Urinary steroid profiling in women hints at a diagnostic signature of the polycystic ovary syndrome: A pilot study considering neglected steroid metabolites.

TitreUrinary steroid profiling in women hints at a diagnostic signature of the polycystic ovary syndrome: A pilot study considering neglected steroid metabolites.
Publication TypeJournal Article
Year of Publication2018
AuthorsDhayat, NA, Marti, N, Kollmann, Z, Troendle, A, Bally, L, Escher, G, Grössl, M, Ackermann, D, Ponte, B, Pruijm, M, Müller, M, Vogt, B, Birkhäuser, MH, Bochud, M, Flück, CE
Corporate Authorsmembers of the SKIPOGH Study Group
JournalPLoS One
Volume13
Issue10
Paginatione0203903
Date Published10/2018
DOI10.1371/journal.pone.0203903
ISSN1932-6203
Mots-clésAdolescent, Adult, Case-Control Studies, Early Diagnosis, Female, Gas Chromatography-Mass Spectrometry, Humans, Metabolomics/methods, Middle Aged, Pilot Projects, Polycystic Ovary Syndrome/diagnosis, Polycystic Ovary Syndrome/metabolism, Polycystic Ovary Syndrome/urine, Prospective Studies, Sensitivity and Specificity, Steroids/urine, Young Adult
Abstract

BACKGROUND: Although the polycystic ovary syndrome (PCOS) is the most common endocrine disorder in women with vast metabolic consequences, its etiology remains unknown and its diagnosis is still made by exclusion. This study aimed at characterizing a large number of urinary steroid hormone metabolites and enzyme activities in women with and without PCOS in order to test their value for diagnosing PCOS.

METHODS: Comparative steroid profiling of 24h urine collections using an established in-house gas-chromatography mass spectrometry method. Data were collected mostly prospectively. Patients were recruited in university hospitals in Switzerland. Participants were 41 women diagnosed with PCOS according to the current criteria of the Androgen Excess and PCOS Society Task Force and 66 healthy controls. Steroid profiles of women with PCOS were compared to healthy controls for absolute metabolite excretion and for substrate to product conversion ratios. The AUC for over 1.5 million combinations of metabolites was calculated in order to maximize the diagnostic accuracy in patients with PCOS. Sensitivity, specificity, PPV, and NPV were indicated for the best combinations containing 2, 3 or 4 steroid metabolites.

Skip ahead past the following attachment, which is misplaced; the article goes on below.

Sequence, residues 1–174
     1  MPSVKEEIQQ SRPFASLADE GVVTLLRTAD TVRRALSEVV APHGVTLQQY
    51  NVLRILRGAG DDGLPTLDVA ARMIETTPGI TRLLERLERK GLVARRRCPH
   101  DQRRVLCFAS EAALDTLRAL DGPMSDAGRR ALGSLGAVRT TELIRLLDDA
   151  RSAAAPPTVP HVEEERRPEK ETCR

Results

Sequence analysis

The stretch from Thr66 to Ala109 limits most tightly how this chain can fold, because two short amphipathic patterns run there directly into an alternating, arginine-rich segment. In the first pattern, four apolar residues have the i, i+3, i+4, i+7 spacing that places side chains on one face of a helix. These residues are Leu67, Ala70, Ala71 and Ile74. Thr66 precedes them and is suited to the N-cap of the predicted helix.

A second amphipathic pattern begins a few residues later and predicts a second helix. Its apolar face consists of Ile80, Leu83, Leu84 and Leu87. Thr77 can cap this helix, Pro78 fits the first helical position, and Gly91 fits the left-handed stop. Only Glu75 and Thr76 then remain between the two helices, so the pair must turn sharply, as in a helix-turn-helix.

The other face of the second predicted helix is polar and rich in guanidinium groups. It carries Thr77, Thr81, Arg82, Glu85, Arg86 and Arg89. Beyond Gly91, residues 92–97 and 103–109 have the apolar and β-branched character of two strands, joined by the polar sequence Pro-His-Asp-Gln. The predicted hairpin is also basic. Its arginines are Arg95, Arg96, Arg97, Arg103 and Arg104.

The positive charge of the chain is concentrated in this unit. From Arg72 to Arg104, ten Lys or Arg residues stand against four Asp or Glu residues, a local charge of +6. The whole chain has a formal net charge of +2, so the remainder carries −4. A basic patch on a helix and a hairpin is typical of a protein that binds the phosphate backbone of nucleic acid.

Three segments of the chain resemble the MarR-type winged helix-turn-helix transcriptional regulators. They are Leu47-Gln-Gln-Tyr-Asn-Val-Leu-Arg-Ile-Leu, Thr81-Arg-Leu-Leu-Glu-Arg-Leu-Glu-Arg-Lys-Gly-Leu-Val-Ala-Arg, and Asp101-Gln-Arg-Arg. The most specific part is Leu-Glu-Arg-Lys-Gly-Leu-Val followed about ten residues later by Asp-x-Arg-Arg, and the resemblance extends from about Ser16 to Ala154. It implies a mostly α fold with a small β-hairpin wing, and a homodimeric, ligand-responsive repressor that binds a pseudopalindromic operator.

RESULTS: The best single discriminating steroid was androstanediol. The best combination to diagnose PCOS contained four of the forty measured metabolites, namely androstanediol, estriol, cortisol and 20βDHcortisone with AUC 0.961 (95% CI 0.926 to 0.995), sensitivity 90.2% (95% CI 76.9 to 97.3), specificity 90.8% (95% CI 81.0 to 96.5), PPV 86.0% (95% CI 72.1 to 94.7), and NPV 93.7% (95% CI 84.5 to 98.2).

CONCLUSION: PCOS shows a specific 24h urinary steroid profile, if neglected metabolites are included in the analysis and non-conventional data analysis applied. PCOS does not share a profile with hyperandrogenic forms of congenital adrenal hyperplasias due to single steroid enzyme deficiencies. Thus PCOS diagnosis by exclusion may no longer be warranted. Whether these findings also apply to spot urine and serum, remains to be tested as a next step towards routine clinical applicability.

Alternate URL

http://www.ncbi.nlm.nih.gov/pubmed/30308019?dopt=Abstract

WOS ID (UT)

000447173500010

Alternate JournalPLoS ONE
Citation Key / SERVAL ID9134
Peer reviewRefereed
PubMed ID30308019

                         

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